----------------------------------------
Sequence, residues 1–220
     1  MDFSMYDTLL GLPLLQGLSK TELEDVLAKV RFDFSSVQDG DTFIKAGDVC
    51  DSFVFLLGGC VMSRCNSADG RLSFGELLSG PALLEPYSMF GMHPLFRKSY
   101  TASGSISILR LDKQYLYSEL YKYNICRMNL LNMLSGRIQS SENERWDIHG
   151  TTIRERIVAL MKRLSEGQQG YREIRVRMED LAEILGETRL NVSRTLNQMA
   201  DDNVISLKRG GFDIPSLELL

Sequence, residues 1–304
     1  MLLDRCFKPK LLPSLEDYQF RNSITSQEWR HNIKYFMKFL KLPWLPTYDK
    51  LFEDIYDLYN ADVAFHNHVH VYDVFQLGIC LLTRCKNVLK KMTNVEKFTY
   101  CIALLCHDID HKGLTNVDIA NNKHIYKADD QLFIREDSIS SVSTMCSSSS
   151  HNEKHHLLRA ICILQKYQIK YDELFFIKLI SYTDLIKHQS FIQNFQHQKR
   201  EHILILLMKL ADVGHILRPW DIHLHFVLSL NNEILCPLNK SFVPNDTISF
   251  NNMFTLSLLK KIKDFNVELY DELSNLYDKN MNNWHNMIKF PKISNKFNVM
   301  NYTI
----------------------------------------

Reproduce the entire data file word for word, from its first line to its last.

Sequence, residues 1–220
     1  MDFSMYDTLL GLPLLQGLSK TELEDVLAKV RFDFSSVQDG DTFIKAGDVC
    51  DSFVFLLGGC VMSRCNSADG RLSFGELLSG PALLEPYSMF GMHPLFRKSY
   101  TASGSISILR LDKQYLYSEL YKYNICRMNL LNMLSGRIQS SENERWDIHG
   151  TTIRERIVAL MKRLSEGQQG YREIRVRMED LAEILGETRL NVSRTLNQMA
   201  DDNVISLKRG GFDIPSLELL

Sequence, residues 1–304
     1  MLLDRCFKPK LLPSLEDYQF RNSITSQEWR HNIKYFMKFL KLPWLPTYDK
    51  LFEDIYDLYN ADVAFHNHVH VYDVFQLGIC LLTRCKNVLK KMTNVEKFTY
   101  CIALLCHDID HKGLTNVDIA NNKHIYKADD QLFIREDSIS SVSTMCSSSS
   151  HNEKHHLLRA ICILQKYQIK YDELFFIKLI SYTDLIKHQS FIQNFQHQKR
   201  EHILILLMKL ADVGHILRPW DIHLHFVLSL NNEILCPLNK SFVPNDTISF
   251  NNMFTLSLLK KIKDFNVELY DELSNLYDKN MNNWHNMIKF PKISNKFNVM
   301  NYTI